Babies born less than a miles apart here have radically different chances. You can go to public school A in Oakland, which is 90% free and reduced lunch, where not a single child was proficient in Math, and not a single White child attends. Or, not far down the block, less than a half mile drive, a 3 block walk, there is public school B, that is 12% free and reduced, and 80% of kids can read and 78% are proficient in math.
Join us 10/21 at 4p for “Beyond Nice White Parents” where we will dig in on these issues further.
School A is a short drive from School C but a chasm of opportunity divides them. School C reported having no Black students at all and only 3% free and reduced lunch, further, roughly 9 in 10 students were proficient in both math and ELA. And if we travel up to the Hills from school A, we can find another elementary that is 9% free and reduced, with 87% of students reading on grade level and 82% at grade level in math.
So, you can attend a school where nobody is on grade level, which means you are not getting grade level work and probably will never be proficient even if you started school ahead. Where most all of the children are low income and most are Black, or a school where there is not a single Black child and almost no low income students, and everyone reads and is proficient in math. And we know this matters for children’s futures.
Please show me the equal opportunity? An accident of birth can determine your chances at life.
|School||School A||School B||School C-Beach||School D|
|Driving Distance form School A in miles||N/A||.4 miles—3 blocks||4.0 miles||6.6 miles|
|% African American||72.6%||14.4%||0% reported||8.9%|
These are all “public” schools. The free education that every child is promised, but they are very different schools, with very different opportunities, and very different results. In some cases the schools are literally within walking distance—3 blocks, but separated by a chasm of opportunity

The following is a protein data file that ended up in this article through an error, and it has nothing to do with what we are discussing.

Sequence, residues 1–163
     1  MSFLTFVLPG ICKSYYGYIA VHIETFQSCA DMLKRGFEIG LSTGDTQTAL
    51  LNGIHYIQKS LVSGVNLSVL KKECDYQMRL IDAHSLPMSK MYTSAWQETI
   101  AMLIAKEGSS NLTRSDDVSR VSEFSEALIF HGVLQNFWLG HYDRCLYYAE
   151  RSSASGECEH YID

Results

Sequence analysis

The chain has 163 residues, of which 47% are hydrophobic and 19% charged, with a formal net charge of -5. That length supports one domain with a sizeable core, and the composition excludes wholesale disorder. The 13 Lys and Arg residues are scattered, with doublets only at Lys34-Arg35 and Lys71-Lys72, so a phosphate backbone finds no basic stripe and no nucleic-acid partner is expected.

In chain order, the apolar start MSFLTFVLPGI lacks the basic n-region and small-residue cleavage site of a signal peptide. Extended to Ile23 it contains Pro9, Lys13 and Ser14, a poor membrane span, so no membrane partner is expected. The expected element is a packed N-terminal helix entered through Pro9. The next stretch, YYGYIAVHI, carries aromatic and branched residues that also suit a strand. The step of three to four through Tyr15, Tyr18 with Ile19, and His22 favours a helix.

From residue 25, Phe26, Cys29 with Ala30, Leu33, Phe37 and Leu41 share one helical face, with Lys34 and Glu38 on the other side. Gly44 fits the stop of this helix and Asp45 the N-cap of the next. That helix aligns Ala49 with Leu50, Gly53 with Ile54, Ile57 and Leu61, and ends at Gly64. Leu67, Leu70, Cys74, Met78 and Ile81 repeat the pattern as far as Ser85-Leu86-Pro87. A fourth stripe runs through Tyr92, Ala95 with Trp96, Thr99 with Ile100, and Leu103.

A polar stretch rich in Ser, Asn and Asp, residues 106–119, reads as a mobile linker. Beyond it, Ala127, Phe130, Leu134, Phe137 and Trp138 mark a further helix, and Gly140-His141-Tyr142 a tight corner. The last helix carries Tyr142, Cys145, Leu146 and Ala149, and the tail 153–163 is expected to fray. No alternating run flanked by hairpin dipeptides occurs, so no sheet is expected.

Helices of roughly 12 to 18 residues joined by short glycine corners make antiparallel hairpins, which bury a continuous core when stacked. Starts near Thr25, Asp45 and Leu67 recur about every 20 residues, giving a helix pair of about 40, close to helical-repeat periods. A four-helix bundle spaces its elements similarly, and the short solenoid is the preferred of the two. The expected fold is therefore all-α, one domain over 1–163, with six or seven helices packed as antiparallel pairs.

Schools are where we are supposed to find equal opportunity, and instead we find another sorting system, that magnifies inequality and rations out opportunity to predictable top dogs and underdogs. With the most privileged dogs eating first, from the top choice cuts, while others get scraps.
These disparities aren’t natural or inevitable, they are the remnants of formal segregation that are perpetuated by current enrollment rules and policies, and we can, and have a duty to change this.
The Geography of Opportunity
Richard Rothstein’s, the Color of Law, details the way that state action, through housing policy, enforcing public and private segregation, redevelopment, and other means, created the segregated, and highly unequal condition we are in.
Privilege, disparate opportunity, and disadvantage will just keep replicating until we interrupt these patterns. And no matter where you stand on the political spectrum, unless it is in the racist, classist eugenicist camp, you gotta at least admit there is a problem when you look at our 4 public schools and the grave disparities in opportunities they offer.
And we owe it to those children not born lucky enough to attend school B, to at least try to change this rigged system. I am heartened to see OUSD finally looking at its enrollment system and how it segregates students and inequitably allocates opportunity.
Please join the State of Black Education in Oakland (SoBEO), the Integrated Schools Community, Equity Allies, Education Post and others on 10/20 at 4P for a discussion with Miriam Nunberg from the podcast Nice White Parents as we discuss equity, privilege, and what we can learn from NYC’s desegregation struggles.